Over time, however, the types of unauthorized access criminalized by the CFAA have harmed a community of increasing importance: the security research community, whose importance has grown alongside the rapid adoption of networked devices.
As individuals collectively rely on software for more and more daily activities—from communicating with friends and colleagues, to transportation in software-driven cars and airplanes, to financial and other activities dependent on software—understanding new vulnerabilities in these systems has become paramount. The way to comprehend and to manage these new risks is by having a robust and engaged community of researchers focused on these problems. This community is shouldering a larger and larger share of responsibility for the collective risks society faces as individuals digitize more of their everyday lives.
But laws like the CFAA have long hampered this community’s work, largely due to its lack of focus on the intentional creation of harms beyond mere access. At present, there is frequently no legal difference between criminal activities within a network (for nefarious purposes) and a security researcher’s activities within the same network (for research purposes). As the Center for Democracy and Technology has well documented, some security researchers avoid conducting research on any networked device out of concern over violating the CFAA, fearing that their activities will be deemed as illegal as those committed by criminals with malicious intent. As more and more software systems are by definition networked, especially with the adoption of the cloud and the “internet of things,” this is a deeply troubling outcome.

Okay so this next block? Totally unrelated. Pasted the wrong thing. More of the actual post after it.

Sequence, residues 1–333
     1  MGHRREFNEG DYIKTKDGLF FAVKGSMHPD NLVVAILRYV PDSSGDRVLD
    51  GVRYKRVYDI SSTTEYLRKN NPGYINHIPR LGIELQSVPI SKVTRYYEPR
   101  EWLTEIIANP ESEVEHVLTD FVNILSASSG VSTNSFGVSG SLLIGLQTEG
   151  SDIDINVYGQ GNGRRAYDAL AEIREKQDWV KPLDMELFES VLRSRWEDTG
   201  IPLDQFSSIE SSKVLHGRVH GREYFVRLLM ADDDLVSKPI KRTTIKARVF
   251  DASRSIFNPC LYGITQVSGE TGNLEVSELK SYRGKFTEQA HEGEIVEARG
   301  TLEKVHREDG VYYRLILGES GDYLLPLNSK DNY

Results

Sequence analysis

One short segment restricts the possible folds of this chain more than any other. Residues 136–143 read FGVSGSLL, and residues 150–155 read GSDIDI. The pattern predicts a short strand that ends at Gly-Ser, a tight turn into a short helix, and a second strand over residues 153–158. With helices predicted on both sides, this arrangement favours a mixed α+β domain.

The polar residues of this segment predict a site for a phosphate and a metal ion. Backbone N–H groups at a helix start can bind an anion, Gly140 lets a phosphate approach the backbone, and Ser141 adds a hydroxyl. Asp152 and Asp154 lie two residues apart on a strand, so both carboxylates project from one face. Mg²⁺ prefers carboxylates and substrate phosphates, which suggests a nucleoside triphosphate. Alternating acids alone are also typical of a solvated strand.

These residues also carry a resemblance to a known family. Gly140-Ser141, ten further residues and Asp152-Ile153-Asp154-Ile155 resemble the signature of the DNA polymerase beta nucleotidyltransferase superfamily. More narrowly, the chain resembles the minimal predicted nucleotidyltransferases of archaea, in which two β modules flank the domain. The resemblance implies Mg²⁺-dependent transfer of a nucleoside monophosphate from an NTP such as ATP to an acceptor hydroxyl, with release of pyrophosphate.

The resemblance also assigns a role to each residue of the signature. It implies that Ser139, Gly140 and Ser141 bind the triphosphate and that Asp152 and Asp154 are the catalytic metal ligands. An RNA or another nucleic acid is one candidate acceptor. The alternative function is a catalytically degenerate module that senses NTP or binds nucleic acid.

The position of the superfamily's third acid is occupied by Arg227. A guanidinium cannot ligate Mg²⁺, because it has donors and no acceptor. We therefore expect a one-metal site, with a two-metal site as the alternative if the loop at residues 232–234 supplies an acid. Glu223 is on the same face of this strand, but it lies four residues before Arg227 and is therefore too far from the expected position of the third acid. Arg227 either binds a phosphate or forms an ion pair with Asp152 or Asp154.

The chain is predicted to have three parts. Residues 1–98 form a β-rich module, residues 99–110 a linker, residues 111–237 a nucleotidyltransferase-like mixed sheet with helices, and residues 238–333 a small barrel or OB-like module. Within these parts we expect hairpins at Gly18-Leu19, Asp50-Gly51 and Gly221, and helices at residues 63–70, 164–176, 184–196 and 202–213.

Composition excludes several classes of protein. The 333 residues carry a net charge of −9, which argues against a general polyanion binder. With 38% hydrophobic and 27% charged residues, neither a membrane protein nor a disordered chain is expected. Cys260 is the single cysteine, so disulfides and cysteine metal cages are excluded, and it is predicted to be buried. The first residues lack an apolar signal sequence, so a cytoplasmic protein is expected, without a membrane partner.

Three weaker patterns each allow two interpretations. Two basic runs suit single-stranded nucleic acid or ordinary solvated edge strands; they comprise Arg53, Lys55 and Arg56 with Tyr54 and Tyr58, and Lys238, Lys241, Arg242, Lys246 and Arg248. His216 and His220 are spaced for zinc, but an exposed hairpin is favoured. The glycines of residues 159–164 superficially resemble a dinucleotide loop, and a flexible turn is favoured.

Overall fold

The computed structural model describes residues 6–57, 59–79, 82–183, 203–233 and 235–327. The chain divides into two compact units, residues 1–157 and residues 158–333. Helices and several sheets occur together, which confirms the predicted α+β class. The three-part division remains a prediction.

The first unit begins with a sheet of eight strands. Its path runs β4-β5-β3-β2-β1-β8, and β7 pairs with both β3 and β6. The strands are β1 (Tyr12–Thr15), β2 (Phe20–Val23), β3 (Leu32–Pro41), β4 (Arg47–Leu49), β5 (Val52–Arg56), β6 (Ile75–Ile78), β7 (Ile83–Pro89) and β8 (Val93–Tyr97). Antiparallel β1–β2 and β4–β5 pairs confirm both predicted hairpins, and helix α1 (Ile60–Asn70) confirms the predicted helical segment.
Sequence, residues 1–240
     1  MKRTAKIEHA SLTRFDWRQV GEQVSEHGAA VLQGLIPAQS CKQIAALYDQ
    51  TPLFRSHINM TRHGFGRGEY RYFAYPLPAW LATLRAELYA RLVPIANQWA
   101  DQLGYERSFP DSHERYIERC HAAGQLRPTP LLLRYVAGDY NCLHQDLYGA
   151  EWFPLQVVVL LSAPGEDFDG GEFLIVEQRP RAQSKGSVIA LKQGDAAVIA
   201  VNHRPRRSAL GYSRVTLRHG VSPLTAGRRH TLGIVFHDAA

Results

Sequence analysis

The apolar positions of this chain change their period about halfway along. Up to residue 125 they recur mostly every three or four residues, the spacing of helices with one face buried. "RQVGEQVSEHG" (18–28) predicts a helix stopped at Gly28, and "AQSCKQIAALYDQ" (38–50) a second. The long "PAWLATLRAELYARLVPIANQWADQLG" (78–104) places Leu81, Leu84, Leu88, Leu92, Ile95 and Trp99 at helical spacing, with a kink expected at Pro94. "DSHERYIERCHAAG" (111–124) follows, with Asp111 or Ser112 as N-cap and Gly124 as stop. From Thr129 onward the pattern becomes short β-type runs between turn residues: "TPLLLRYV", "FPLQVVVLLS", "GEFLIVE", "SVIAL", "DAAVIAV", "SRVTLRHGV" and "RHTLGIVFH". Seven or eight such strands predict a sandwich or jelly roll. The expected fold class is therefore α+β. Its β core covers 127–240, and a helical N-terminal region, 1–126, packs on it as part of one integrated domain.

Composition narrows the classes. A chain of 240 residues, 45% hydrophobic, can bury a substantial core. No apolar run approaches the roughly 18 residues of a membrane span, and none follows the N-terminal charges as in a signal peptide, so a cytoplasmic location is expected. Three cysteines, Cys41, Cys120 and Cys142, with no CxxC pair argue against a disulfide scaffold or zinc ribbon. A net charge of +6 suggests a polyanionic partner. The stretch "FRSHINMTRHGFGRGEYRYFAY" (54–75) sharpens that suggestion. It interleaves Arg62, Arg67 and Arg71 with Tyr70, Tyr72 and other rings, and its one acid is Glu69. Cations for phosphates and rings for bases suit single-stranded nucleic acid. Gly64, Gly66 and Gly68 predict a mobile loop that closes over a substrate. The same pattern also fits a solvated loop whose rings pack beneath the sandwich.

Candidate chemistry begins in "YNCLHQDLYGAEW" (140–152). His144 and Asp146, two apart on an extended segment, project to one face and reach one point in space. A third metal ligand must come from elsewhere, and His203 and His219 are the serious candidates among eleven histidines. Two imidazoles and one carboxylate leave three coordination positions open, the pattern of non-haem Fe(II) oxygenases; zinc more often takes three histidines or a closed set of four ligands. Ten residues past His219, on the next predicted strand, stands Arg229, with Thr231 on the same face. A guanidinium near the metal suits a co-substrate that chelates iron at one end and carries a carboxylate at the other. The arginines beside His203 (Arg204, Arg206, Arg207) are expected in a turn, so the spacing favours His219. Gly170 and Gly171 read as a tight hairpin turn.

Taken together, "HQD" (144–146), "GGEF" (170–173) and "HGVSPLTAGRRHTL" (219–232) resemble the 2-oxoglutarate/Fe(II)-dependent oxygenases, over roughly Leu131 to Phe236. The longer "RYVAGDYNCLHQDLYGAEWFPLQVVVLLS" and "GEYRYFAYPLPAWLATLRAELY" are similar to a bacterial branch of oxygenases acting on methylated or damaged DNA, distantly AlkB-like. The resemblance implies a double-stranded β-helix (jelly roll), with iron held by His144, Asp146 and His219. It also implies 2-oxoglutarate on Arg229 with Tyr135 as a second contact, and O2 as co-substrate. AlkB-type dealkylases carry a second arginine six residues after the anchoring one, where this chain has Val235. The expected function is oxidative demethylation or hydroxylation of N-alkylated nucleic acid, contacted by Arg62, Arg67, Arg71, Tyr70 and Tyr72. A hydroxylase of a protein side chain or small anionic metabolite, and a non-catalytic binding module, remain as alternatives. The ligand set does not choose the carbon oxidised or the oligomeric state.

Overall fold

This is not an outcome intended by those who drafted (or even enforce) such laws, either. Indeed, the U.S. Department of Justice itself has publicly noted similar shortcomings of the CFAA. Requiring that malicious intent to create specific harms, beyond authorized access, exist to constitute illegal activity is the first step toward fixing this problem.
The Rise of Machine Learning Will Make These Problems Worse
There are more reasons to update the CFAA than to encourage and protect security research alone. Chief among them are the challenges that machine learning will pose to the criminal framework created by the CFAA. Before we explain these challenges in practice, however, some baseline definitional work is in order.